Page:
1. "Delegations will deliberate most effectively if they believe they are doing so in privacy."

    This flawed statement, for which you provide absolutely no proof or examples, is the foundation for your attack on people who want transparency. Care to elaborate how on earth a group of people works more effectively together in smoke-filled rooms shut off from the outside than in the open? Especially since we are talking about standards and not about matters of national security?

    I for one welcome all transparency and hope that people will blog and report from the BRM. The people who fear openness deserve to get hurt by it.

  2. Oh, and for the benefit of those who did not bother to read the linked press release, it has the following to say about the confidentiality of the BRM:

    "Such technical meetings are not public events but do follow the orderly and inclusive process of ISO/IEC."

    Nothing about confidentiality in there, it’s just about who is allowed to attend. "inclusive" doesn’t really sound confidential. Now read the first paragraph of this blog entry again. That is how Microsoft employees twist words. Be careful.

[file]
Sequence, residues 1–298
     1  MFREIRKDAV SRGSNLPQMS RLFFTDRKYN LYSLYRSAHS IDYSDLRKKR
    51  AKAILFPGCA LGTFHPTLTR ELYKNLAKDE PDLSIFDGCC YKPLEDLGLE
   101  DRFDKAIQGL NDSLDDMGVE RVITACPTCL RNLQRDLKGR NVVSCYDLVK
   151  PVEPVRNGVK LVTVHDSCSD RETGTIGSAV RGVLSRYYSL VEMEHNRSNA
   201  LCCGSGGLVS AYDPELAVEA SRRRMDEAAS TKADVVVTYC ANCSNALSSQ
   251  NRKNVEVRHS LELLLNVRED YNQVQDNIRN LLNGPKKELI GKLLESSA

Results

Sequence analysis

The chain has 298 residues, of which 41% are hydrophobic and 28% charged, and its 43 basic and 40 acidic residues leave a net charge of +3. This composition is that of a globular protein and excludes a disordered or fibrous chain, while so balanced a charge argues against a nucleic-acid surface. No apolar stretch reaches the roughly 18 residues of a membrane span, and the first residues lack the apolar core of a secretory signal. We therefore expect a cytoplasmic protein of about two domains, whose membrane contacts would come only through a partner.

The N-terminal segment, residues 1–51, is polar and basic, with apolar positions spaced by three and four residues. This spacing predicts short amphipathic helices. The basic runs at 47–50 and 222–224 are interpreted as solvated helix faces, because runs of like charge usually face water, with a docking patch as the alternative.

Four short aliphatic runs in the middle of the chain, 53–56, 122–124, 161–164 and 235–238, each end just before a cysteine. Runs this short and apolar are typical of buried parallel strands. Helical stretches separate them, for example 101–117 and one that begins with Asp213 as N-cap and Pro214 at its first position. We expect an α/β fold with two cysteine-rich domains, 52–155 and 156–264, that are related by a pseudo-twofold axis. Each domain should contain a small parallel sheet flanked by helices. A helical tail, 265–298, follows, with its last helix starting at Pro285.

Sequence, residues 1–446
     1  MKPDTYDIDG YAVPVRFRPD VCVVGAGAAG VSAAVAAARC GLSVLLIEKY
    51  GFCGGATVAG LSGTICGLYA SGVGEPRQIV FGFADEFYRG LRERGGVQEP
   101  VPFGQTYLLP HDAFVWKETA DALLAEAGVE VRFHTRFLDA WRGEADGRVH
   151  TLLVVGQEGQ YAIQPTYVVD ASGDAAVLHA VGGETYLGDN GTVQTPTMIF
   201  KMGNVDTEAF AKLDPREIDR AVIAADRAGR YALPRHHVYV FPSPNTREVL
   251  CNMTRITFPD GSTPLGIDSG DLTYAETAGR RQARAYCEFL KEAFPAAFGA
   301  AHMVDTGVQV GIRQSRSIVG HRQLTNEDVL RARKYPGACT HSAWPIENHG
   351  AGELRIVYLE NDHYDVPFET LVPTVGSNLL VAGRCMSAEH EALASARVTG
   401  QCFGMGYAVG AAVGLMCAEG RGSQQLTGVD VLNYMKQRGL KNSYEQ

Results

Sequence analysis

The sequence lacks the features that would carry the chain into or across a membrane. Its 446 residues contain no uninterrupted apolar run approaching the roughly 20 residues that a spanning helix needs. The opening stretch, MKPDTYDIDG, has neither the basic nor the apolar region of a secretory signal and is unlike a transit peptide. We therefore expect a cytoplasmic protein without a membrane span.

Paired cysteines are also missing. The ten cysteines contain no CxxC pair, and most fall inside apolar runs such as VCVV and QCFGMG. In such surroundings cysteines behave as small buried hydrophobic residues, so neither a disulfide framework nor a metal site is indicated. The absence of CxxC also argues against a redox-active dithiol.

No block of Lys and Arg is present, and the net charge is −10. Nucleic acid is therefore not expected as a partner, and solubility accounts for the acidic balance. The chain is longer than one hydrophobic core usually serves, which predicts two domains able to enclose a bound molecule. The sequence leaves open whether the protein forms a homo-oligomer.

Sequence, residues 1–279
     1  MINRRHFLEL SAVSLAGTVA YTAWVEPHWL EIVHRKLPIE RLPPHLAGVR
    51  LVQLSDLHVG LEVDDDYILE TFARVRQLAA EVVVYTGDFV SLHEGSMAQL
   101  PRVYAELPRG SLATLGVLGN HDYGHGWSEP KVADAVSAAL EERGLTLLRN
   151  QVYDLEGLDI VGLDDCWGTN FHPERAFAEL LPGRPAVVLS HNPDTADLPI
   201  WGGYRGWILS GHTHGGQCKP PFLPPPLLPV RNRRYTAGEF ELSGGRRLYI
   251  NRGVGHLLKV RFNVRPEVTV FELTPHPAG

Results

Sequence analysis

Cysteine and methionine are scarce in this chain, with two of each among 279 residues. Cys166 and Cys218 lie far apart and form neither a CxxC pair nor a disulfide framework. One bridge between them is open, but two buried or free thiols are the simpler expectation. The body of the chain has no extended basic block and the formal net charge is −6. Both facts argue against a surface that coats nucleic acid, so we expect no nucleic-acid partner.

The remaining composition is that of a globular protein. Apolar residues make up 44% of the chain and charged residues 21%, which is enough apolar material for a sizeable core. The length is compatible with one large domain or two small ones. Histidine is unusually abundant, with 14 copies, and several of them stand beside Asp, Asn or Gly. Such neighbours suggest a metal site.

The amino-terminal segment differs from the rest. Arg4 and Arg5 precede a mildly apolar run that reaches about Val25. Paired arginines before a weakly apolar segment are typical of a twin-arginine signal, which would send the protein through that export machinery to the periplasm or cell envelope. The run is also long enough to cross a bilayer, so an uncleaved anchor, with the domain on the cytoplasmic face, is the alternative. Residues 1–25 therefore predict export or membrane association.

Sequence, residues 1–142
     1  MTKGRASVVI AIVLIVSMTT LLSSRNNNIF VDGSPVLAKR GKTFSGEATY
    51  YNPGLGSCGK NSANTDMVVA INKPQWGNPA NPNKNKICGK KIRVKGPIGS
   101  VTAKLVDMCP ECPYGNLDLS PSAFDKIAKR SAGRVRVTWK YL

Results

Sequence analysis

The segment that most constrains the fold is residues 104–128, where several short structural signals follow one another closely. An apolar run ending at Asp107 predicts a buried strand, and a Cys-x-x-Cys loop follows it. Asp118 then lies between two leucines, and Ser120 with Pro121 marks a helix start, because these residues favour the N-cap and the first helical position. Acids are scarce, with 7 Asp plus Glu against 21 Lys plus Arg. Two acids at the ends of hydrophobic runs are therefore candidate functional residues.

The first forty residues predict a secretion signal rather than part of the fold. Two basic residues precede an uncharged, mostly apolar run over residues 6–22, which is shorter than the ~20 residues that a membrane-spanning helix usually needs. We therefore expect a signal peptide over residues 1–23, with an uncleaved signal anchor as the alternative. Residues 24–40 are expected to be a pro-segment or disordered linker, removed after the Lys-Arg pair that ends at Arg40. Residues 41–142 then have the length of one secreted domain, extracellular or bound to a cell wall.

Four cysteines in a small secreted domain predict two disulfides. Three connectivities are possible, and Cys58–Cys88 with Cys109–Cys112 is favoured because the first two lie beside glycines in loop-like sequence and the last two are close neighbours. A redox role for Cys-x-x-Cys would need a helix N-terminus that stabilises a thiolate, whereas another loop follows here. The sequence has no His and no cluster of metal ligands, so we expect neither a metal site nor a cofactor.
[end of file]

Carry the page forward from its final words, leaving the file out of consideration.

3. jasonmatusow says:

    No Mr. Janesch – you and I are not in agreement on my point of "transparency." The individuals in a delegation to the BRM are representatives for their countries. Their internal discussion as a delegation (wihtin their own small groups) could be artifically hampered if each feels that their colleagues will be blogging the conversations they have during deliberations of strategy and approach as a delegation. There is a reason that the "orderly" part of the process involves the Head of Delegation speaking during the meeting rather than the whole delegation. Would that be censorship of other delegates?